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EDWARDS: Monterey Debrief

John Edwards files his first Sportscar365 column after Sunday’s GRAND-AM round…

Photo: John Dagys

Photo: John Dagys

Coming into the penultimate Rolex Sports Car Series round at Mazda Raceway Laguna Seca, the GT championship had become a two-race shootout. Robin Liddell and I were third, but only 3 points out of the lead so our only aim was to be ahead of the No. 63 Ferrari and the No. 44 Porsche.

Most of our year has been a case of extremes. For the first 7 races of the season, our GT results embodied the Ricky Bobby spirit of “If you ain’t first you’re last.”

We won four of the first seven races, but in the other three, we finished laps down due to various issues. By the time we finally had a P2 finish at Indy, I was just happy we had broken the first-or-last streak.

Our GS season in the Continental Tire Sports Car Challenge has been less extreme, but we have stood atop the podium after some hard battles twice this year. Unfortunately, we didn’t have the pace from race to race to beat the No. 13 Porsche often enough, so they had all but locked up the championship heading into the Mazda Raceway Laguna Seca round.

A week before the race in Laguna, I had a conversation with my GT and GS engineers, as well as our strategist regarding driver order for the races. There are pros and cons to driving two races on a weekend, but this weekend, the biggest disadvantage was that the races were very close together on Sunday.

We agreed I would start both races so I wouldn’t have to get out of the GS car and immediately hop into the GT car without any time to recover. Although the Continental Series often provides great battles at the end of the races, being the starting driver meant I got to take part in one of my favorite activities: Qualifying. I love qualifying.

Saturday afternoon was qualifying for both cars. Although I love qualifying, I feel a huge amount of pressure going into those 15-minute sessions. No matter how many times I qualify and race, I still get butterflies in my stomach. I’ve been asked on multiple occasions if I’m ok or not before a qualifying session or race.

In reality, starting on pole in an endurance race is not as crucial as sprint races, but qualifying is the only time when you can really be at the absolute limit of the car. The tires have a definite peak, and as a driver, you have to be able to get the maximum out of them on the lap that they’re at their best. That challenge of overcoming the pressure and getting everything right on that lap is why I love qualifying.

Unfortunately, you can’t get it right every time. I made a mistake in turn 3 on my fast lap in the GS qualifying, and would start P4. Although I drove better the next lap, the tires had lost their peak and the grip wasn’t there to go quicker.

GT qualifying was relatively tight in the top three or four spots, but I put a good lap together to get pole. It was my 3rd pole of the year and the 4th for our car at a track where we’ve struggled in the past, so it was a good sign for the race.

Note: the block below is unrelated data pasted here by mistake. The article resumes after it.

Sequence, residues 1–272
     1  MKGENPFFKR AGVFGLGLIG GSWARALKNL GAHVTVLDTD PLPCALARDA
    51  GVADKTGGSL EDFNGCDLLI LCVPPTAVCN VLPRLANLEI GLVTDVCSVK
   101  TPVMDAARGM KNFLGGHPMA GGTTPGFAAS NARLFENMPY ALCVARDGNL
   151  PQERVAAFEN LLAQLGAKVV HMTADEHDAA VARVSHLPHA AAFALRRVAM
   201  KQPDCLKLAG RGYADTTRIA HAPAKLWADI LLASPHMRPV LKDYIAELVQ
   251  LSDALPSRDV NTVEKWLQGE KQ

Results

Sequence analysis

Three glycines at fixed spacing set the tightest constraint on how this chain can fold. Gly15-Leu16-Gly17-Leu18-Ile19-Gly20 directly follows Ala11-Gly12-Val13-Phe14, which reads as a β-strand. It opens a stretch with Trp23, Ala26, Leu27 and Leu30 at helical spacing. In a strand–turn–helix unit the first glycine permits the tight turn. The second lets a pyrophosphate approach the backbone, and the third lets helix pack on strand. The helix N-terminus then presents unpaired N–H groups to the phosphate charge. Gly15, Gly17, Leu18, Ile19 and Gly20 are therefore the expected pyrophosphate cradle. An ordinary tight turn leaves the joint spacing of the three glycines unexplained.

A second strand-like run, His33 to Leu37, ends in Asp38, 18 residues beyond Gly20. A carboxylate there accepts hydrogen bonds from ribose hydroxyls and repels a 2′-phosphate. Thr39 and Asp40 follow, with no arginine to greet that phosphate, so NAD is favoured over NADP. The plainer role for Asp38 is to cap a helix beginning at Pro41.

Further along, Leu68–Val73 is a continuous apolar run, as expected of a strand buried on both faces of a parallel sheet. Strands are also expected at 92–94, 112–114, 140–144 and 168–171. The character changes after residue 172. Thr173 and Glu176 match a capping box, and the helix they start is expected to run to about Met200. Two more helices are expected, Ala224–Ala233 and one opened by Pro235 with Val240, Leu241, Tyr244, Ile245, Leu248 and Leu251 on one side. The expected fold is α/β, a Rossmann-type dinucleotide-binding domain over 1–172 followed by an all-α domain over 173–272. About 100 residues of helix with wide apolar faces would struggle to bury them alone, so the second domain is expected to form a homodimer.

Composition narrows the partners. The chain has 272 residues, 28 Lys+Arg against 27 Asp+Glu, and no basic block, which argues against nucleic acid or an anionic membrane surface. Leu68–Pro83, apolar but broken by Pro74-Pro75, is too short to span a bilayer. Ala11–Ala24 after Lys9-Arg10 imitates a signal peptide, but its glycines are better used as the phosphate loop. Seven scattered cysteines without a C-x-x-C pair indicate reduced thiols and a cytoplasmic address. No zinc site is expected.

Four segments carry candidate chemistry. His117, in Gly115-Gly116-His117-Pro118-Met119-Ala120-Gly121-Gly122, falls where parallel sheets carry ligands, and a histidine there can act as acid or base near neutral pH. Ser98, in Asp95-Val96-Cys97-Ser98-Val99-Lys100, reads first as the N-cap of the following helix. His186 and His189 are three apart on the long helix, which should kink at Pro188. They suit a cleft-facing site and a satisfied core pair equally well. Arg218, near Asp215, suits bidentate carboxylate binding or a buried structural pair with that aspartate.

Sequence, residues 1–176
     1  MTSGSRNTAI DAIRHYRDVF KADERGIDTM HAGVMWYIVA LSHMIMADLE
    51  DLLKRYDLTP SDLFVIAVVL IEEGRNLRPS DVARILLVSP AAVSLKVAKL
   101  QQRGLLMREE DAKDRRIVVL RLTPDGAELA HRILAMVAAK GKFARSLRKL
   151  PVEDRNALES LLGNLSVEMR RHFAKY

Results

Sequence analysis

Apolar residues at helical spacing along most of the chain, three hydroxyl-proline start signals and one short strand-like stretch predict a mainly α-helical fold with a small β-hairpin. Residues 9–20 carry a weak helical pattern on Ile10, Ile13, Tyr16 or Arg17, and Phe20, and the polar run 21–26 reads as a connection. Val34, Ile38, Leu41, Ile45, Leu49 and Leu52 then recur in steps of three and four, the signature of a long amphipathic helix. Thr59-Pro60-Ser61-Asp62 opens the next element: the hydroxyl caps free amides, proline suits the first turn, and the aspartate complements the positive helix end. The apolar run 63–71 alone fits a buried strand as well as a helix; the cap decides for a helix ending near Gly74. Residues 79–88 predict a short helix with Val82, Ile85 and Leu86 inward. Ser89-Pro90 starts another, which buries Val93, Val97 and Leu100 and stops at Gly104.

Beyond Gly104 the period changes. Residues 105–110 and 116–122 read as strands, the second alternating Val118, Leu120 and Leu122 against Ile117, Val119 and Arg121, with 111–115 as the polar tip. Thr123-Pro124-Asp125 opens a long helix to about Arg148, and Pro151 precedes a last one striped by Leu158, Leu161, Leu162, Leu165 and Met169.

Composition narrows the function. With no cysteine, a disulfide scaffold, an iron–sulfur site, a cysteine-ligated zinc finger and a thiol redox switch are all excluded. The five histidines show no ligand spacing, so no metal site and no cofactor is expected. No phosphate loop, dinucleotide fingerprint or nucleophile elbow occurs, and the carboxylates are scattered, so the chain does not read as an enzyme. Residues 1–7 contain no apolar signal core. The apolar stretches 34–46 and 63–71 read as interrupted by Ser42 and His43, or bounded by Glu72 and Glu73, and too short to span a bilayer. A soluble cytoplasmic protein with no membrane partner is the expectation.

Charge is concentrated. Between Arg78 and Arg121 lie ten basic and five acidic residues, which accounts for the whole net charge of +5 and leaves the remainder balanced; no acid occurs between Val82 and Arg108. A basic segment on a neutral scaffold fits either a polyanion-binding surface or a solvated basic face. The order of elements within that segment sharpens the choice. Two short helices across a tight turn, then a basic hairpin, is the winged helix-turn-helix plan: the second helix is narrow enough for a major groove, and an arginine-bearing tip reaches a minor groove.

In the GS race, I moved to 2nd on the first lap and held it for the rest of my stint, although I was holding up the third and fourth place cars as I struggled with entry oversteer at the end of my stint. Matt Bell got in and struggled with the same issues, and was running P5 or P6 towards the end of the race.

However, you should never walk away from watching a Continental Series race with 20 minutes to go because something exciting is bound to happen. This time, it involved one Aston Martin going off on his own, Matt making an incredible pass around the outside of turn 11, and Bill Auberlen having a problem to put Matt P2 at the end of the race.

It was a great drive by Matt and a great result for us to put us in a pretty safe spot to claim P2 in the championship.

The GT race didn’t go as well. A problem with the clutch on the first pit stop caused us to lose some spots, and although the car was good when we were running alone, it was hard to drive in traffic any time we got off line. So Robin struggled to make up ground and we ultimately ended up P7, dropping 13 points behind the No. 44 Porsche for the championship.

At this point, we can only aim for the race win at Lime Rock. It is disappointing to not be in a position where winning the championship is in our control, since we need the No. 44 to have problems at Lime Rock Park to make up enough points.

However, I think Robin said it best when we looked back at our year up to this point. He said that if we lose the championship, it’s not because we struggled at a track where we’ve never been strong, it’s because of our DNF’s earlier in the year.

Regardless, Stevenson Motorsports is currently top three in both championships they’ve entered this season, which is an impressive feat. We’ll be looking for two more wins at Lime Rock Park, regardless of where we finish in each championship.

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